Official Journal of the European Union

C 185/17

Opinion of the European Economic and Social Committee on the Proposal for a Regulation of the European Parliament and of the Council on common rules in the field of civil aviation security

COM(2005) 429 final — 2005/0191 (COD)

(2006/C 185/03)

On 16 November 2005 the Council decided to consult the European Economic and Social Committee, under Article 80(2) of the Treaty establishing the European Community, on the abovementioned proposal.

The Section for Transport, Energy, Infrastructure and the Information Society, which was responsible for preparing the Committee's work on the subject, adopted its opinion on 24 March 2006. The rapporteur was Mr McDonogh.

At its 426th plenary session, held on 20 and 21 April 2006 (meeting of 20 April), the European Economic and Social Committee adopted the following opinion by 134 votes to two.

1.   Recommendations


Member States should be allowed, on the basis of a risk assessment, to apply more stringent measures than those to be laid down, under the condition that they finance them with their national budgets.


Each Member State should designate a single authority responsible for the coordination and monitoring of the implementation of security standards.


Each Member State should draw up a national civil aviation security programme.


In order to monitor the application by Member States of the new act, and also to identify weak points in aviation security, the Commission should conduct inspections, including unannounced inspections.


For the purpose of allowing transfer passengers and transfer baggage to be exempted from screening when arriving on a flight from a third country, which is known as the concept of ‘one stop security’ as well as for allowing passengers arriving on such a flight to mix with screened departing passengers, it is appropriate to encourage agreements between the Community and with third countries, recognising that the security standards applied in the third country are equivalent to Community standards.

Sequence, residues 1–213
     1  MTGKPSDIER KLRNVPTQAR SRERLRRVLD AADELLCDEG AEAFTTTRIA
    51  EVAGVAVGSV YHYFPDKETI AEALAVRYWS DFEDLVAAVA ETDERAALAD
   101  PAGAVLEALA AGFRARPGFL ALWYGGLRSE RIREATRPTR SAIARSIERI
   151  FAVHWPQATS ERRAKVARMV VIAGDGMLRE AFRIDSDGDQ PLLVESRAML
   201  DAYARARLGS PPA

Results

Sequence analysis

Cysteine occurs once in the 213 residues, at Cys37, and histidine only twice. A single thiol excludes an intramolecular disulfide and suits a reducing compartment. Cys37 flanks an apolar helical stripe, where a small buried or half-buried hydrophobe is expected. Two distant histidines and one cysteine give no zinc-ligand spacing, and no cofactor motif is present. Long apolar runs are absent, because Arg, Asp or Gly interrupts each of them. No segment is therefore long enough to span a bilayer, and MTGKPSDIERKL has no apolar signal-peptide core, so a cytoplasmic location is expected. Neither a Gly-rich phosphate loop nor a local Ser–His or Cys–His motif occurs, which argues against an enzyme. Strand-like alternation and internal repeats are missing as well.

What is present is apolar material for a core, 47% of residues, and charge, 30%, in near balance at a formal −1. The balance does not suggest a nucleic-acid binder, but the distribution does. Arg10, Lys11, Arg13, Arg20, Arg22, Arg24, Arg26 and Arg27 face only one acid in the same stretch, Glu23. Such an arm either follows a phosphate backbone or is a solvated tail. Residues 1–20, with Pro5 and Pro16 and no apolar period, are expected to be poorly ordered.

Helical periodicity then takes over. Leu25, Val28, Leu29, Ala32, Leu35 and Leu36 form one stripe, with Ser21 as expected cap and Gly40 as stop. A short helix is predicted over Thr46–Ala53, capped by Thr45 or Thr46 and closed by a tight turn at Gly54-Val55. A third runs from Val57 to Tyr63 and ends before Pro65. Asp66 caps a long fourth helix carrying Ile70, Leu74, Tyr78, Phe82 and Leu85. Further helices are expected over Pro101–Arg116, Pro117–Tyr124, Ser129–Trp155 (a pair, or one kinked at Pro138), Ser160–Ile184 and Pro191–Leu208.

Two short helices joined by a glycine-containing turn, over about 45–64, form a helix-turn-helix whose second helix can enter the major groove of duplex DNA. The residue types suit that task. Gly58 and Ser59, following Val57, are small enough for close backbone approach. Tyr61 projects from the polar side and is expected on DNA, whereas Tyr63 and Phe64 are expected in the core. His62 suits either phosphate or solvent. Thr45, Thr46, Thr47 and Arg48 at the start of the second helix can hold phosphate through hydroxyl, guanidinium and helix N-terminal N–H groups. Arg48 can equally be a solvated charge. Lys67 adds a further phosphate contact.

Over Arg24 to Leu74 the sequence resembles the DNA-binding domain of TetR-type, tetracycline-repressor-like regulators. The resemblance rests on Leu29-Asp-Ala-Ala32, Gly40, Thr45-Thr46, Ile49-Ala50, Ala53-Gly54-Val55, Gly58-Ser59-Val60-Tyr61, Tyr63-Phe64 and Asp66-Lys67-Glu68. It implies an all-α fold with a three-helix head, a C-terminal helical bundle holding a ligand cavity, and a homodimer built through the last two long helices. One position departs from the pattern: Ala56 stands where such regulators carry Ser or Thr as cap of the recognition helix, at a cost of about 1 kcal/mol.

The Committee welcomes the initiative of the Commission and fully supports the fundamental principles of the proposal.


It welcomes also the introduction of common rules for airport security, as procedures vary very much across Europe, and it is important that these should be standardised.


Considering annex Part 1 1.2 point 5 and part 11, in light of the freedom of movement of labour within the Community and the availability of labour from third countries, can the Commission offer assistance to national authorities, airports, airlines, etc. to validate personal information of potential employees, in order to meet the requirements of background checks.


The objective outlined in paragraph 1 of this Article should be amended to clarify that the security measures concerned are designed to protect civil aviation from acts of unlawful interference that jeopardise the safety of civil aviation. The measures concerned are not for addressing other types of unlawful interference such as theft and smuggling.


The European Commission should draw up and implement a comprehensive policy for financing aviation security measures that form part of Member States' national security duty to protect their citizens from the threat of terrorism.


A mechanism for assessing the impact on the industry of every future proposal for security measure should be added to this regulation. This will ensure that the cost and the impact of a given measure are not disproportionately high compared to its efficiency.

2.   Introduction


The European Commission's legislative proposal aims to clarify the European Union's legal framework (established by existing Regulation 2320/2002), to provide a basis for a common interpretation of the international requirements laid down by the International Civil Aviation Organisation, to remove sensitive information from the public arena and to place further emphasis on developing requirements in civil aviation security through implementing Regulation, i.e. by use of Decision 1999/468/EC on comitology which establishes a legislative decision-making process involving representatives of the EU Member States and the European Commission.